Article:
India and Self-reliance – A brief History

  • IASbaba
  • May 30, 2020
  • 0
UPSC Articles
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Topic: General Studies 2,3:

  • Government policies and interventions for development in various sectors
  • Indian Economy and issues relating to planning, mobilization, of resources 

India and Self-reliance – A brief History

Context: In the wake of COVID-19 pandemic, Prime Minister emphasised the necessity of a self-reliant India.

India during Early days of Independence – Self-reliance losing way to License Raj

  • Self-reliance in state-run heavy industries and strategic sectors in the decades following independence had placed India ahead of most developing countries.
  • In the 1970s and 80s, however, India did not modernise these industries to climb higher up the technological ladder. 
  • The private sector, which had backed the state-run core sector approach in its Bombay Plan, stayed content in a protected market.
  • Little effort was made to modernise light industries or develop contemporary consumer products.
  • The industrial ecosystem was kept hostage to Licence-Permit-Quota system which stifled innovation. As a result, self-reliance gave way to corruption & import dependence

Consequence of these policy measures

  • India’s industrial ecosystem was thus characterised by low productivity, poor quality and low technology, and was globally uncompetitive.
  • India completely missed out on the ‘third industrial revolution’ comprising electronic goods, micro-processors, personal computer etc.
  • Today, India is the world’s second largest smartphone market. However, it does not make any of these phones itself

India at the turn of 1990s

  • India embarked on liberalisation, privatisation and globalisation, shunning previous restrictive industrial policies
  • The very concept of self-reliance was rubbished; in the belief that advanced technologies could simply be bought from outside at lower costs
  • Two related ideas have prevailed since then, and neither delivered the desired results
  • First is ignoring Public Sector Units
    • PSUs were considered inefficient and sluggish for the competitive globalised scenario. 
    • Hence, no effort was made to engender either real autonomy or a transition to new technological directions.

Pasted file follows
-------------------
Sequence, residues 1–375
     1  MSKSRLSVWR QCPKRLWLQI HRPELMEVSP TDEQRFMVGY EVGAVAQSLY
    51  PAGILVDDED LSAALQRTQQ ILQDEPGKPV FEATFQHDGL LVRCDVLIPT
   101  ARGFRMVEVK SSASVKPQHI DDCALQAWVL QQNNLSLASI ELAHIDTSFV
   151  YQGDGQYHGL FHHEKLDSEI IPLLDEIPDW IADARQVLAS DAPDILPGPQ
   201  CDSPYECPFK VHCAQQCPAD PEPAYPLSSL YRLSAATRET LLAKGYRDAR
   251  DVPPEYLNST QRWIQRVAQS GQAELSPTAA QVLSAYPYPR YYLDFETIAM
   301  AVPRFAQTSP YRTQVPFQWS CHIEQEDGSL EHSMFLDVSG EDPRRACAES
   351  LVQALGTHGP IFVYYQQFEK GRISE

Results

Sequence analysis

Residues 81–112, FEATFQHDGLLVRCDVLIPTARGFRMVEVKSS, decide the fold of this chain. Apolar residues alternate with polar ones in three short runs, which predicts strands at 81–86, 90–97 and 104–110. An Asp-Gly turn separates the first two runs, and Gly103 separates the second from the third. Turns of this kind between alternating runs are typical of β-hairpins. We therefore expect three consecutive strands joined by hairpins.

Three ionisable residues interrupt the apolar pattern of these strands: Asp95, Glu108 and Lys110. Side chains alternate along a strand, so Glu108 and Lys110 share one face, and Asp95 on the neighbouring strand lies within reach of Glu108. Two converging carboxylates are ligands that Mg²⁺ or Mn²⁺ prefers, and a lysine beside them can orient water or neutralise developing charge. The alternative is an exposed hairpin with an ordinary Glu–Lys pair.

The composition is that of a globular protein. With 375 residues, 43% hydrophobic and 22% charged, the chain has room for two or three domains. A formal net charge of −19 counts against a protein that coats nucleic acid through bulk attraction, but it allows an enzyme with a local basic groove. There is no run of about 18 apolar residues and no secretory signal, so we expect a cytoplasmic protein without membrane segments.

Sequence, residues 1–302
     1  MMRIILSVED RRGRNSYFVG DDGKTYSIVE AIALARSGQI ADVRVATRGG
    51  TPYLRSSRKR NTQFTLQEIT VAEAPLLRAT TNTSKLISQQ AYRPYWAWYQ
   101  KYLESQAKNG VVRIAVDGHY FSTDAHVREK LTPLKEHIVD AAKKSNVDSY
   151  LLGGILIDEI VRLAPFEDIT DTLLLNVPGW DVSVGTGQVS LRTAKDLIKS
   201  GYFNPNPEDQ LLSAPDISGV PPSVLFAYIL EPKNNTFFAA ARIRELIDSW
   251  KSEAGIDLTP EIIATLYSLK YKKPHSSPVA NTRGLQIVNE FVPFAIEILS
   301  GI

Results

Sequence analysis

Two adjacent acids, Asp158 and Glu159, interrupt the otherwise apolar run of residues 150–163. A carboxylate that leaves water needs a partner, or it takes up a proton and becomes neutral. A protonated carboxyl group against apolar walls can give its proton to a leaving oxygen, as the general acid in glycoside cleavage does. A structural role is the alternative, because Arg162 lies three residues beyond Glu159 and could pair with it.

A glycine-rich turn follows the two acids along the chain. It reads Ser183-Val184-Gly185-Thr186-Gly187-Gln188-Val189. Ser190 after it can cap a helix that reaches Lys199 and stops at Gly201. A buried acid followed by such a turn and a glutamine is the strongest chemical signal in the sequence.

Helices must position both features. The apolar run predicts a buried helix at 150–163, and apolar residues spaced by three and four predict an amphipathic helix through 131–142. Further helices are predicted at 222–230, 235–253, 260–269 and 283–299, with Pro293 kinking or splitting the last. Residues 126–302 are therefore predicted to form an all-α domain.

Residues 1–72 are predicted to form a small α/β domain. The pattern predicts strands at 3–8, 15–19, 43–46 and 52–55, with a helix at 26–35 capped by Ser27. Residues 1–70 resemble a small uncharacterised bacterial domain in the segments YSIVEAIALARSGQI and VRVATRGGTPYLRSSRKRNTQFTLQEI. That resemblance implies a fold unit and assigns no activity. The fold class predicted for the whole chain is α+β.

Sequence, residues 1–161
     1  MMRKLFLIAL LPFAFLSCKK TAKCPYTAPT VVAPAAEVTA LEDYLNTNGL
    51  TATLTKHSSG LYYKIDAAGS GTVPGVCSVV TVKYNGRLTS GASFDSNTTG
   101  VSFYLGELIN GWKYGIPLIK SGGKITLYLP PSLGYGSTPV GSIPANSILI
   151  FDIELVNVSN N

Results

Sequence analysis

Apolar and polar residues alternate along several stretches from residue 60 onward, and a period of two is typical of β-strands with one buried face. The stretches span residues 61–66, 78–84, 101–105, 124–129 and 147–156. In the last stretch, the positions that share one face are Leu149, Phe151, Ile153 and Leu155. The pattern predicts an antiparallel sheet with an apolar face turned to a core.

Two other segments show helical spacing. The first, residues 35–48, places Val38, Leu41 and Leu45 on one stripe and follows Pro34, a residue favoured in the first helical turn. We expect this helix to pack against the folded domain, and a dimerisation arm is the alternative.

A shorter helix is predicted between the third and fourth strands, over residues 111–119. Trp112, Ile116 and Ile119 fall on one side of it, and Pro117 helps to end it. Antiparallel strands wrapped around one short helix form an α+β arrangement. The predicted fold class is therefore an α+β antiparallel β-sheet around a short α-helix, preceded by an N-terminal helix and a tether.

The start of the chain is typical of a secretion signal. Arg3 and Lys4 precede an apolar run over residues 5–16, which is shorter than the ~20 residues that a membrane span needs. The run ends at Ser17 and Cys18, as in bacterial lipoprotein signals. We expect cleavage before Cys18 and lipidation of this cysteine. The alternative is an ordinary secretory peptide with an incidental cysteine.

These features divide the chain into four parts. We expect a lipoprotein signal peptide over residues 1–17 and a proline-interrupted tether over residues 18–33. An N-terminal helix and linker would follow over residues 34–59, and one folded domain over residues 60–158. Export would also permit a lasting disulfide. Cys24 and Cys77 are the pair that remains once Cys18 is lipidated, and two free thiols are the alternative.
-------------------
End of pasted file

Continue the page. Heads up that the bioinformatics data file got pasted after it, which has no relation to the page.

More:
• Instead, PSUs were undermined or abandoned, along with many nascent research and development (R&D) efforts
    • On the other hand, the private sector displayed little interest in these heavy industries and showed no appetite for technology upgradation.
    • With entry of foreign corporations, most Indian private companies retreated into technology imports or collaborations. 
  • Second is inviting Foreign Direct Investment
    • This was envisaged to bring new technologies into India’s industrial ecosystem, removing the need for indigenous efforts towards self-reliance.
    • However, mere setting up of foreign manufacturing facilities in India is no guarantee of absorption of technologies (the ability to independently take them to higher levels).

Consequences of above two ideas – Inequitable Growth

  • Meagre technology transfer: Foreign majors jealously guarded commercially significant or strategic technologies in off-shore manufacturing bases.
  • Outlier among Asian Countries:  Japan, South Korea, Taiwan, Singapore and Hong Kong strengthened their self-reliant capabilities though planned state investments in R&D including basic research (3-5% of GDP), technology and policy support to private corporations, infrastructure, education and skill development (4-6% of GDP).
  • Dwarfed by China: Both India and China were on similar levels during first four decades of Independence. However, China now is self-reliant S&T and industrial capability and has set itself a target of becoming a world leader by 2035 in 5G, supercomputing, Internet of Things, artificial intelligence (AI)
  • Inactive Private sector in R&D: Most R&D in India is conducted by PSUs, with little efforts from private players as they prioritized short-term profits over innovations
  • Widened Inequality: Privatization and FDI benefits were largely reaped by already wealthy sections of society which led to increased gap between rich & poor

Way Ahead – Self-Reliance requires enhanced R&D

  • State-funded R&D, including in basic research, by PSUs, research institutions and universities needs to be scaled-up significantly, well above the dismal 1% of GDP currently. 
  • Private sector delivery-oriented R&D needs to be supported through policy & fiscal measures
  • India’s meagre public expenditure on education needs to be substantially ramped up (as against current trends of privatisation which would only shrink access)

Connecting the dots:

  • Neoliberalism
  • Globalisation in the wake of COVID-19 pandemic

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